[rfc-i] [TLS] On the difficulty of technical Mandarin (SM3 related)

Kyle Rose krose at krose.org
Mon Aug 19 11:35:00 PDT 2019


(Fixed rfc-interest address.)

On Mon, Aug 19, 2019 at 1:47 PM Watson Ladd <watsonbladd at gmail.com> wrote:

> On Mon, Aug 19, 2019, 9:24 AM Kyle Rose <krose at krose.org> wrote:
>
>> For purely practical reasons, within a knowledge domain it makes sense to
>> have a single language in which normative documents are written, with
>> fluency in that language an implicit requirement of direct participation.
>> Otherwise, the number of people who will be able to contribute to IETF work
>> (writing or reviewing) will be very small, limiting the throughput, shared
>> knowledge base, and overall utility of the SDO.
>>
>
> Certainly: I'm not saying our docs should be in other languages. But an
> upstream reference that is an unofficial translation has other issues with
> accuracy.
>
> Dumping an unofficially translated pdf on github and using that as a
> reference isn't so great, and that seems to be the solution we're going
> with for SM ciphers. It would be great if there was an official canonical
> English version of the referenced spec but what do we do when there isn't?
>

 It depends on how critical the document is to interoperability of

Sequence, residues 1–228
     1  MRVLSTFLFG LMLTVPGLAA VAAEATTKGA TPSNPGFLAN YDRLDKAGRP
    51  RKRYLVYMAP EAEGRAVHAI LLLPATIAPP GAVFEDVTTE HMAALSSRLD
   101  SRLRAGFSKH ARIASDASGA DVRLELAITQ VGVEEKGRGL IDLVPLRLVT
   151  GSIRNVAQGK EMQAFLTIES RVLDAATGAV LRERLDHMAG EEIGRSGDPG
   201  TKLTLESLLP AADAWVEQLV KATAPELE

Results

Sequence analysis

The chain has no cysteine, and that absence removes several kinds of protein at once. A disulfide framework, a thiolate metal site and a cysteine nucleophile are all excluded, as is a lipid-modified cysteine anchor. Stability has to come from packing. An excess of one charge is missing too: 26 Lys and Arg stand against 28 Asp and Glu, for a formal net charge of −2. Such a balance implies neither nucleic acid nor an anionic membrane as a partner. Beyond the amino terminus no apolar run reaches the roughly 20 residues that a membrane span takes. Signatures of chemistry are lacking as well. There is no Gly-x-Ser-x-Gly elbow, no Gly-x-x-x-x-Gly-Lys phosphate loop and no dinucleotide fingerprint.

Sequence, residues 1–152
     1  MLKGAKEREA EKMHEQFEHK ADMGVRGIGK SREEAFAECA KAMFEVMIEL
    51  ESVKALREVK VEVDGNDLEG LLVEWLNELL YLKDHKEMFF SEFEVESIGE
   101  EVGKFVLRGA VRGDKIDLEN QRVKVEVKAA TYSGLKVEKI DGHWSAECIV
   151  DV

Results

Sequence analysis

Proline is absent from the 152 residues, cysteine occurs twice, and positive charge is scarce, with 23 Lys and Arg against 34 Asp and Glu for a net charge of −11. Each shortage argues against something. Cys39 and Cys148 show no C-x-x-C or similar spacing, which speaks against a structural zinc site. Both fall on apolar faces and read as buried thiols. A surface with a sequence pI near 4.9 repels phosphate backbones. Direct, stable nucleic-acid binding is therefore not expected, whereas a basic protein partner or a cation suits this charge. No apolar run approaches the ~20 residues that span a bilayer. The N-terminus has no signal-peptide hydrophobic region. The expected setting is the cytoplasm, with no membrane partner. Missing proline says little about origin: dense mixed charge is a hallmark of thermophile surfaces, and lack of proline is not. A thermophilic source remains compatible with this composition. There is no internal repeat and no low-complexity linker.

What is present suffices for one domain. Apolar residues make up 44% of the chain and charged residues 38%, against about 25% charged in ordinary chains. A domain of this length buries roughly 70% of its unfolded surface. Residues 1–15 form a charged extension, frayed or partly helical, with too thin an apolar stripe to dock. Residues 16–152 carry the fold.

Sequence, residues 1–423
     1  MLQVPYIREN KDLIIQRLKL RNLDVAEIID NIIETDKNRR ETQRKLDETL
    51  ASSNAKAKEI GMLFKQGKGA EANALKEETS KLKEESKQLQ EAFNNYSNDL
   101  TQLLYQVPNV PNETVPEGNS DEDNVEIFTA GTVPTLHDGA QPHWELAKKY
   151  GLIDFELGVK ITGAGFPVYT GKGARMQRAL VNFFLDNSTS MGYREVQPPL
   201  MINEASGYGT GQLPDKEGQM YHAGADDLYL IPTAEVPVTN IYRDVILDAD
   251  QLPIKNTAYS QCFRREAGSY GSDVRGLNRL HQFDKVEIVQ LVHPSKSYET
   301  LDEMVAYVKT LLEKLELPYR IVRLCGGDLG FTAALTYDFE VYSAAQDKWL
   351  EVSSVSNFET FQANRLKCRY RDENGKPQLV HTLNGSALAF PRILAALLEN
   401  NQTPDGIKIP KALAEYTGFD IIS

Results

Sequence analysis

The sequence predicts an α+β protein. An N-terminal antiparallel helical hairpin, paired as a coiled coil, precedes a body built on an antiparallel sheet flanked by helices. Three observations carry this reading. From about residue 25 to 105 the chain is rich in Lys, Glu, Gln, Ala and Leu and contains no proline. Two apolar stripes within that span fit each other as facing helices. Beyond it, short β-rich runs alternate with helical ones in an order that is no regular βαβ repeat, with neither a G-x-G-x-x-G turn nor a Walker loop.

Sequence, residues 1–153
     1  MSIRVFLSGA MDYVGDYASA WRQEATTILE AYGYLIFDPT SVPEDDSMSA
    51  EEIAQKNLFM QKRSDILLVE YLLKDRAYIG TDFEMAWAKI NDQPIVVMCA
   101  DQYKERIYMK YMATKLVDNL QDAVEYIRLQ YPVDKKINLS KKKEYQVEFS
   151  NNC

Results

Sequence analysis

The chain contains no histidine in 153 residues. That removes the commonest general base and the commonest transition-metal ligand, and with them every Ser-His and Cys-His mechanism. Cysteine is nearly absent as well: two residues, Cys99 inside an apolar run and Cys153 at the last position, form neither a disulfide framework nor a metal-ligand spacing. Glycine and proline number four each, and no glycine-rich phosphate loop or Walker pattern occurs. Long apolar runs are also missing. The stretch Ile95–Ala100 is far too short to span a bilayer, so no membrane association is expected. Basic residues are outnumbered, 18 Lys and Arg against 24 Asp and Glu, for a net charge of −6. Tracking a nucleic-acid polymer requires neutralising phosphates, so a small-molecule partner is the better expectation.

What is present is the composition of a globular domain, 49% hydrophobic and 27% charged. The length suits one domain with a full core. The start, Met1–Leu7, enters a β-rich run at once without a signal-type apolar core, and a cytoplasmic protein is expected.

standards.

For normative references, I would argue the authoritative version of an
outside spec must be in English. Otherwise, we open ourselves up to
inconsistencies, ambiguities, and mistranslations. In the case of an ISO
doc associated with the spec, that ISO doc is for our purposes the
authoritative normative reference, not the original document from which it
was produced. If there isn't an authoritative English version of a spec
that we can point to, it must not be used in an IETF standard.

For informational references, it's less clear. While they are not normative
for specs, they might be essentially normative for operations (think: BCP
38) and so the effects of mistranslation and ambiguity could nonetheless be
substantial. This might need to be judged on a case-by-case basis.

With respect to the particular issue raised on the TLS mailing list, IMO
the mere existence of a Mandarin spec for the SM cipher, independently
verified to exist and describe the cipher in question, is sufficient to
reach the bar required by the IANA registry "specification required". This
is one of those cases in which an English translation is unnecessary to
protect the rest of the ecosystem: SM is not an IETF standard and will not
be "recommended" by IANA, so the ability of IETF participants to understand
and develop interoperating implementations is not an issue. They just want
a code point. The bar for that is intentionally set pretty low.

Kyle
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